Stewardship of the Body

I recently attended a large worship conference hosted by a mainline denomination. The liturgy and music was creative, though also on the “traditional” side of the worship spectrum. On the final night of the conference, we sang the hymn, “How Great Thou Art” with 800+ other worshippers. My seat was in the back, so I could hear the gorgeous harmony in full. I could also look over the congregation, and here and there, glimpsed worshipers raising their hands in praise to God. Something about the music inspired worshipers to engage their body beyond their vocal chords.

Raising our hands in worship is a simple act, though I admit one that makes me pretty uncomfortable. It suggests a broader topic: stewardship of body. How does our body relate to God? How is faith implicated when we look in the mirror? This week’s writer, Ellie Roscher, continues our Beyond the Offering Plate: A Holistic Approach to Stewardship series considering just those questions.

Yours truly,

Adam Copeland, Center for Stewardship Leaders     


Stewardship of the Body

Ellie Roscher

Bodies matter to God. The creation of our bodies took time and contemplation, mud and breath. God works with Adam over time to create a suitable partner. Then God took on a body. Now nothing -- not even the death of our bodies -- can separate us from the love of God. There is a tenderness in God’s knowledge of our bodies, yet there is a pervasive ignoring of those bodies in our church.

Body estrangement plays a role in obesity and eating disorders, unhealthy sexual behaviors and addictions. To address racism, misogyny and homophobia, we must acknowledge our bodies. As James B. Nelson has wondered, what is hindering us from the awe and appreciation of our bodies that stewardship requires?

Dangerous Dualism

The book Song of Songs, in the Old Testament, gives a sense of how bodies were celebrated in Pre-Christian Hebrew life. The Greeks, however, embraced a mind-body dualism. Plato distinguished between the sacredness of love that comes from the soul and the profanity of love that comes from the body. The mind is pure, while the body is dirty. 

Leaders in the early church thought the end times were near, and wanted to differentiate itself from the rest of society. Virginity, chastity, purity, piety and ultimately martyrdom were all virtues of the early church. Suspicious of his libido, Augustine tied sex to original sin. Dualism then thrived in the Middle Ages as physical penance punished the body for its ability to override logic and reason. Aquinas, Calvin and Luther connected bodily pleasure to the Fall. The mind was holy, bringing us closer to God. The body was sinful, tugging us toward hell.

Dualism today looks like physical deprivation as religious practice, seemingly God-ordained, Bible-backed misogyny and homophobia, and standing still in worship. We take communion, the body of Christ, without letting that nourishment transform how we treat our bodies.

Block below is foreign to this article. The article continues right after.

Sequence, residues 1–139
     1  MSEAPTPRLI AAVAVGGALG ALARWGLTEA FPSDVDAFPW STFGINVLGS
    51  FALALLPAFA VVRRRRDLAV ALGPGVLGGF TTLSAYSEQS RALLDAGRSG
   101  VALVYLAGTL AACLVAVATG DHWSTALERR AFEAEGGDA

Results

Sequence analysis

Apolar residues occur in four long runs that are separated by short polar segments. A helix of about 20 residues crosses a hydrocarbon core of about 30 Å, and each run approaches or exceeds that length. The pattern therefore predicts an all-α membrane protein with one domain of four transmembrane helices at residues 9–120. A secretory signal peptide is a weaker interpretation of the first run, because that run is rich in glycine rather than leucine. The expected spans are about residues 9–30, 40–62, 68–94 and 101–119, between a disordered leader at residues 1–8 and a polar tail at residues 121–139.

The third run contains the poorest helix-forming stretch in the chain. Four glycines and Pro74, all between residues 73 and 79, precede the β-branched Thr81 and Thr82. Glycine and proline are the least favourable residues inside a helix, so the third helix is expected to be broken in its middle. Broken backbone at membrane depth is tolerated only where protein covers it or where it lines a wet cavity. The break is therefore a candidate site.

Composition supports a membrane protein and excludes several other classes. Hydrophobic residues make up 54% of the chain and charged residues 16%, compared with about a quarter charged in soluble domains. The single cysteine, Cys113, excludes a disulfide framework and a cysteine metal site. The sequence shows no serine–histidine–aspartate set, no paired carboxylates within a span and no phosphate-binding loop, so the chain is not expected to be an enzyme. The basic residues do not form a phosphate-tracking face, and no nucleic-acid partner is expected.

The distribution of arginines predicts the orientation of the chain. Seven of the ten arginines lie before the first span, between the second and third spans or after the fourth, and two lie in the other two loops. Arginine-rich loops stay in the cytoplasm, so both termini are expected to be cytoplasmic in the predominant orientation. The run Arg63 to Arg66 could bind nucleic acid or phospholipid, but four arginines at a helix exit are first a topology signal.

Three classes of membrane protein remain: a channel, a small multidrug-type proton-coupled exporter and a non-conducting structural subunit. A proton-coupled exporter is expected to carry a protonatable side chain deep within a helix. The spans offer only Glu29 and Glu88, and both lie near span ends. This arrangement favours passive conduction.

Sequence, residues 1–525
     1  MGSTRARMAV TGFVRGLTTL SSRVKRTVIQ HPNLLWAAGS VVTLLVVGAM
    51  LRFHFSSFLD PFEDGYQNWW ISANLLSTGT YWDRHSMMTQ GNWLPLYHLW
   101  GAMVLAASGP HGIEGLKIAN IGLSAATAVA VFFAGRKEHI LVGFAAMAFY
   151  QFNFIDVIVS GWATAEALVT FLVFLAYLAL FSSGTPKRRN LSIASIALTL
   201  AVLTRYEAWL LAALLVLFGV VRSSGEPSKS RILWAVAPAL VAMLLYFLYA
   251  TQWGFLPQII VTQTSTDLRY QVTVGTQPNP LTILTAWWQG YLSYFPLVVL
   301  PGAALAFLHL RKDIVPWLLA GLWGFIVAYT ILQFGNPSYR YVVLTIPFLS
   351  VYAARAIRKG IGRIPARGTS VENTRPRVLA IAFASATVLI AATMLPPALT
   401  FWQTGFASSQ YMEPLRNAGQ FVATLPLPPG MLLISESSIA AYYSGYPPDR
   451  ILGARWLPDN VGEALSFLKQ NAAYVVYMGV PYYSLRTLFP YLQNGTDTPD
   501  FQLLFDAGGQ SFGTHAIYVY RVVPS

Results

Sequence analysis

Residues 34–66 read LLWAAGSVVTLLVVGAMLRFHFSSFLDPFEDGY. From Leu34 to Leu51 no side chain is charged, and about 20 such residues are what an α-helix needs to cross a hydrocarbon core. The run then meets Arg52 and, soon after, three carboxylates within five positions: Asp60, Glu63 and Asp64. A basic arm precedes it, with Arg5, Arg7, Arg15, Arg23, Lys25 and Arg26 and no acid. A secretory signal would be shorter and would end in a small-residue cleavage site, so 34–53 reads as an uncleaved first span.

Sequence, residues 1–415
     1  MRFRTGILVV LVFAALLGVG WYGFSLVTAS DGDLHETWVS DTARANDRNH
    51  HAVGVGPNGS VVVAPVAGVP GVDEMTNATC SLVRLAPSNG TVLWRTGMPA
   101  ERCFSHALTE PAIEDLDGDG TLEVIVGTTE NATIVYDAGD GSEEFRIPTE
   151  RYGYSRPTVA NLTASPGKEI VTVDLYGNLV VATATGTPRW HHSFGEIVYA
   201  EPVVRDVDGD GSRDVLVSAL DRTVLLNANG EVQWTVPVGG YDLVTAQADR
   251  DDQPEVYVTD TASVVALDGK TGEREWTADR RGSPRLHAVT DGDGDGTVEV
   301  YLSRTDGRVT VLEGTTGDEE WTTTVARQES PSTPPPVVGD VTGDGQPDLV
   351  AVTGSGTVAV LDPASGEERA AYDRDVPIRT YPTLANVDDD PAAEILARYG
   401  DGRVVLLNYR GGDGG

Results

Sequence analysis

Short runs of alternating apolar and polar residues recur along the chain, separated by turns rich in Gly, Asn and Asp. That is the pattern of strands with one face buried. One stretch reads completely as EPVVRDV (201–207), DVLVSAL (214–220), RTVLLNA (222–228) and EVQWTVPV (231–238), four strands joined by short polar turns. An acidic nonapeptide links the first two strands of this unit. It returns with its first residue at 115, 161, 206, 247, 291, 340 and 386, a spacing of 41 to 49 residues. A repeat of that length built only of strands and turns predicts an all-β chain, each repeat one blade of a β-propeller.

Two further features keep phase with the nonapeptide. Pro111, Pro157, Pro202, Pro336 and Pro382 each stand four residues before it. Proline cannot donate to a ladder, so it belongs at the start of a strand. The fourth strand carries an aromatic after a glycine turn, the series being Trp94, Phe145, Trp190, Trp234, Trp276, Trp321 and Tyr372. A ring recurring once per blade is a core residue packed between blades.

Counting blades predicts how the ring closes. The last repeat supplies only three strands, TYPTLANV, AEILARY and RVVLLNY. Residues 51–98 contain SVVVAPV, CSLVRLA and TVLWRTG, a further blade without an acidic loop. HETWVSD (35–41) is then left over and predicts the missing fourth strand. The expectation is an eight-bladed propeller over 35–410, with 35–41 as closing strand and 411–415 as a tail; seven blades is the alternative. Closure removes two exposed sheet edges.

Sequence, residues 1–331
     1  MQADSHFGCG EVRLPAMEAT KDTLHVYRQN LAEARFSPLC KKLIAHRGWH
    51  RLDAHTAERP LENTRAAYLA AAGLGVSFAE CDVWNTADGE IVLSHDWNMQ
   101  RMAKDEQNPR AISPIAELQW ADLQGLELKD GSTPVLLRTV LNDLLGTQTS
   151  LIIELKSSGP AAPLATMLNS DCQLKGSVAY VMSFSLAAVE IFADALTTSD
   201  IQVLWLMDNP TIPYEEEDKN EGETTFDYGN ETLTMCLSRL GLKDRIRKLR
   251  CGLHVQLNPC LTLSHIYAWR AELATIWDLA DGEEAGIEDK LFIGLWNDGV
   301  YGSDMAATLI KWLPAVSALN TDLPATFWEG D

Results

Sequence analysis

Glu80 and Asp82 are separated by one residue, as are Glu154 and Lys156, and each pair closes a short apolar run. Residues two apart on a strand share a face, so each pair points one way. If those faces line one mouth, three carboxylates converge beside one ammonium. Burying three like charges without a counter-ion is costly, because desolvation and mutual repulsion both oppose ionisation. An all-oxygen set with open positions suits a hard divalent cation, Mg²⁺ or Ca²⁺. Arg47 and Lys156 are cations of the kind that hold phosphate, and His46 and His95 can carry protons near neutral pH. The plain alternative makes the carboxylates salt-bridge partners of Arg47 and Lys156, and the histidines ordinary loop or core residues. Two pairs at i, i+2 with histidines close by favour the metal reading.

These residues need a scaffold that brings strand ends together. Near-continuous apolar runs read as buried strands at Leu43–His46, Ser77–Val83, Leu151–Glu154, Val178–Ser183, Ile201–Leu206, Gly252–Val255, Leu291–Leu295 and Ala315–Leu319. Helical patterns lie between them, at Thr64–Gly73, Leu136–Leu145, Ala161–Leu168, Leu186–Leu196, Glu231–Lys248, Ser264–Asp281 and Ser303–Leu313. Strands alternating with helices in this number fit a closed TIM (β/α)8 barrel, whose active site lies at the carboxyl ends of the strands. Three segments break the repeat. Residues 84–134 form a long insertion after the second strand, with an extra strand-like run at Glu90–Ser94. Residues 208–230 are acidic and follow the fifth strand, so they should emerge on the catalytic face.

Church and Bodies

The church’s disembodiment reflects societal struggles as well. We eat our food without tasting it, we buy gym memberships but don’t go, we ignore headaches by popping more Advil, and we relax to hours of television every night. I have to imagine God’s vision for our lives incorporates our bodies. Won’t body wellness contribute to us becoming our best, most authentic selves?

We in the church today have an opportunity to be the leaders in body stewardship. We are free to deny mind-body dualism because we don’t worship Augustine or Luther. We worship Jesus. And bodies matter to Jesus.

God, Embodied

In life, by bringing sight to the blind, stopping the flow of blood, and bringing people back to life, Jesus restored not only people’s health but their status. He brought people on the margins back into the center of society. He healed with a gentle human touch that many must have craved in a society that shunned and blamed them for their afflictions.

In death, Jesus’ body was disrobed, whipped, spat on, and put to death. Jesus cried out to God, feeling abandonment in his body. Taking on the darkness of humanity, experiencing death as a slave and enduring it, he handed divinity over to us, the very ones who deserve it the least. We believe that Jesus, fully God and fully human, suffered and died and rose again. At the center of our faith is suffering so at the center of our faith can be love. God took on a body so that we could fall in love with Christ. In communion we are reminded of this gift, sustained by Jesus’ body and blood.

As followers of Jesus, as worshipers of God, as students of The Song of Songs, we the church can lead the way back to our bodies. The courageous journey can bring healing and reconciliation, abounding with wonder and awe.

*Want to read more? A fuller version of this post appears in the new book, Beyond the Offering Plate: A Holistic Approach to Stewardship, edited by Adam Copeland. To order visit: Amazon, Westminster John Knox Press, or Barnes & Noble.

More Information:

Ellie Roscher writes, edits and teaches at the crossroads of faith, simplicity, gender, sexuality, and justice education. Author of Play Like a Girl and How Coffee Saved My Life, she lives in Minneapolis with her spouse and two sons.

Author information was updated as of the article's post date. Author profiles may not reflect author's current employment or location.

"Palmistry" image by Brian Uhreen. Creative Commons licensing via Flickr.

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